This week I started a part-time job instructing “Business Planning for Entrepreneurs.” Classes start September 17th, and I need to build a new 12-week curriculum before that date. Heading into an office other than the one at my home and adding extra hours of work to my schedule made this week’s challenge an easy choice. I needed to make meals that wouldn’t consume too much time in the preparation and would provide leftovers that could become lunches for the week.
Another great first this week…my niece took her first horse ride! No more ponies led by others. Amanda took the reins.
The ride was beautiful and on the way back to the barn, we saw a beautiful sunset! Life in the country rocks.
Week ten CSA included: beets, collards, carrots, onions, yellow squash, bell peppers, hot peppers, jalapeño pepper, corn, garlic, zucchini, and tomatoes.
Week Six Challenge:
Think outside the casserole and make dishes that satisfy for a meal as well as serve up well reheated for a lunch.
RECIPES, LINKS, REVIEWS AND DISCOVERIES
Recipe: Stuffed Peppers
Review: My first stuffed peppers without meat and they were refreshingly good. I still like meat, but more and more lately I don’t get really hungry for it often. The yellow squash and the zucchini baked inside the peppers really were a great match to the pepper.
Recipe: Spicy Black Bean and Corn Burgers
Review: These were so good that I made a quadruple batch and froze them as patties for future lunches and dinners. To the large batch I did add an extra can of whole black beans I didn’t mash and I went really light on the flour. They held together fine without it. Also VERY good with Sweet Chili Sauce.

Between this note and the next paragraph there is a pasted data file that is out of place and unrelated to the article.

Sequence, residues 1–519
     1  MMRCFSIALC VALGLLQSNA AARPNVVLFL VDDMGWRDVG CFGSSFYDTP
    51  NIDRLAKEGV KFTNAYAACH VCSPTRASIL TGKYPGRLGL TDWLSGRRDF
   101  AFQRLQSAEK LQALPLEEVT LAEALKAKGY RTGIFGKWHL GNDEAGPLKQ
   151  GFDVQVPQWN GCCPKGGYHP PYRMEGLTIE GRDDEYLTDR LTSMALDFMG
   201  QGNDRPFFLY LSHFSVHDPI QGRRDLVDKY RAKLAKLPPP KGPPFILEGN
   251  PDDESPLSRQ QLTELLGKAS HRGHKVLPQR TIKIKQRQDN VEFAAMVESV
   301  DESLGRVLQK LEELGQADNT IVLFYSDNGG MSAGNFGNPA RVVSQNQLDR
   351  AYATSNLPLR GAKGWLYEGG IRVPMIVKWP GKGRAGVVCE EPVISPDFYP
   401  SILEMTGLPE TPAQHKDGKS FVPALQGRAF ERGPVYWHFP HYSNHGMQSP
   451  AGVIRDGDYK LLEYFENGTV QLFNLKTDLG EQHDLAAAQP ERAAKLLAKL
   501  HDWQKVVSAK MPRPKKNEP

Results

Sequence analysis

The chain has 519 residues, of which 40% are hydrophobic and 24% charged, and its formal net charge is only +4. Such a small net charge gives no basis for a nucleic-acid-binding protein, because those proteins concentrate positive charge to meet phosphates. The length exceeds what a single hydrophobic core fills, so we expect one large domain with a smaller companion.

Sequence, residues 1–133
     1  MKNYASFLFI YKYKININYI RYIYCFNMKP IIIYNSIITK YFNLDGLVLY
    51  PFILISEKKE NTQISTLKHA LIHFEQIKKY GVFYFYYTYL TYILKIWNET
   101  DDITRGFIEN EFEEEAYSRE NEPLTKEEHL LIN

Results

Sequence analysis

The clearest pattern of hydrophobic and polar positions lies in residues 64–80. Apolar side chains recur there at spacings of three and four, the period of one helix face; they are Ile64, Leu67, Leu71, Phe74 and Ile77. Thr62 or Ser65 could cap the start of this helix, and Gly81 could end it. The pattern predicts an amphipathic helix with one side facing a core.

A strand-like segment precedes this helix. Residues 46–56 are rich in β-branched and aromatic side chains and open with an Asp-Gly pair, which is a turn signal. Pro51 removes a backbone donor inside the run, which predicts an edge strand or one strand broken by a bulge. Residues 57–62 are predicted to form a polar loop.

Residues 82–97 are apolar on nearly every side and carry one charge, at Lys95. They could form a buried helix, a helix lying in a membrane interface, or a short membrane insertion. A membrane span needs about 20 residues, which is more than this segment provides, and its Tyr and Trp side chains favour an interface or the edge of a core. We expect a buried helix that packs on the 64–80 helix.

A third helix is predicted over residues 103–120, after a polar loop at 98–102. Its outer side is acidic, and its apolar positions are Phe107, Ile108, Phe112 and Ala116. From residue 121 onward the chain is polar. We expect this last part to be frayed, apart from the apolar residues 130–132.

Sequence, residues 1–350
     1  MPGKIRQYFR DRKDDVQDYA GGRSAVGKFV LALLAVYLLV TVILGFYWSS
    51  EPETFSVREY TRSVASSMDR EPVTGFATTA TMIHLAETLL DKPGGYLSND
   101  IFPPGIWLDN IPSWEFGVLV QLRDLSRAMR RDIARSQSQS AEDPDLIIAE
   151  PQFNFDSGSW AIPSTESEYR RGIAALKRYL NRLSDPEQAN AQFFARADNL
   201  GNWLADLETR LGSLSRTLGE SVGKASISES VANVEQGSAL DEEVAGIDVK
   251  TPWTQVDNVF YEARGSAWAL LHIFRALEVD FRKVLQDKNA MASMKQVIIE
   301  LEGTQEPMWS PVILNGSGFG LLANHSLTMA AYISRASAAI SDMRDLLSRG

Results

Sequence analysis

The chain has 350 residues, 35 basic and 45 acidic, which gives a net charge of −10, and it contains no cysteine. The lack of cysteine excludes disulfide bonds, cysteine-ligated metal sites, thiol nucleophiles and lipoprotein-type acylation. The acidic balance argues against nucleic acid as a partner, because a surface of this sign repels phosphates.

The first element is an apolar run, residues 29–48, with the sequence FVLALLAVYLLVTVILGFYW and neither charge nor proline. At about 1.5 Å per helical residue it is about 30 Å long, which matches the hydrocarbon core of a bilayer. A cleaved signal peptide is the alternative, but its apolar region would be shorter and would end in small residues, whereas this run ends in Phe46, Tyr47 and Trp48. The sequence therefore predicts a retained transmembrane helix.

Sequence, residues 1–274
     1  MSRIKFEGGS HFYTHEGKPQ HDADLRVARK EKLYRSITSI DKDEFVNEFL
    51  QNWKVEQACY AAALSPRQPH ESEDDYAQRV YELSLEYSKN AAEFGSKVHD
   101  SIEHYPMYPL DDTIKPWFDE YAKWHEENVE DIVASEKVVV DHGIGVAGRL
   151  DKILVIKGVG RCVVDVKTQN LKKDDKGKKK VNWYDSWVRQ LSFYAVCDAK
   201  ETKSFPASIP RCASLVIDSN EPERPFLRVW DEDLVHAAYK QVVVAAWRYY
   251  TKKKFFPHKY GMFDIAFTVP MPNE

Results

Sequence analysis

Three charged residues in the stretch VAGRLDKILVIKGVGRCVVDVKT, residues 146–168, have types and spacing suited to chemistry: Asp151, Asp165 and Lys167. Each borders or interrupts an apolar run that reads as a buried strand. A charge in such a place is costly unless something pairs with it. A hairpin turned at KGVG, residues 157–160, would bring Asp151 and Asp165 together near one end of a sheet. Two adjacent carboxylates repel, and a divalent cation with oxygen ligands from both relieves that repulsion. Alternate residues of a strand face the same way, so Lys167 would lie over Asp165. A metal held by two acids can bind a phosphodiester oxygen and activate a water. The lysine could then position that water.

Recipe: Roasted Beets
Review: When roasting beets you really can’t go wrong. The thyme added a little something extra. My local grocery didn’t have goat cheese. Yes, I can’t believe it either. So I had to substitute for feta. Good, but not as good as goat cheese.
Recipe: Chicken and Rice Soup
Link: My brain
Review: I buy my chickens locally these days. They roam free at Barry’s Barnyard. They feed in a pasture…protected from predators in a huge wire and wood enclosure. Chickens raised this way taste better in my opinion. But until I used a slow-cooked chicken carcass I made for dinner to make soup, I didn’t know how much better they were. For years I thought I had gotten my grandma’s recipe wrong because my chicken noodle just didn’t have that special something hers had. But using the free-range chicken for the soup made the difference. It tastes exactly like grandma’s soup.
Recipe: Cut up a good-sized onion and scallion, about 5 whole carrots, celery if you like. Rinse the whole chicken inside and out. Season lightly inside and out with Borsari. Mix together some of the onion and carrot and celery and place inside cavity. Place mixed veggies in bottom of slow cooker and place chicken on top of them breast side down. Make about 2 cups of chicken bullion and pour into slow cooker, add about two cups more or water. Turn cooker to low and cook for about 4 hours. I start checking at four hours because cooking time will range with the size of the chicken being cooked.
When chicken is done, lift and serve.
Pour the veggie and bullion mixture left from slow cooking into a stockpot. (Remove some of the fat from the top of the mixture to reduce calories if you like before transferring it to the new pot.) Pick the carcass for meat and add the meat to the veggie and bullion mixture. To be really authentic to the recipe, remove the larger chicken bones, snap them in two and add them to the mixture. Now is the time to add any extra produce you may desire. Collards worked great, but anything you like with chicken will be good. Add a bay leaf to the mixture and cook on low temperature for about 30-45 minutes. Remove bones and add noodles or rice (cooked separately in advance) to the pot and cook for about ten more minutes. ENJOY and thank Mrs. Nevada Elizabeth Smead Gray.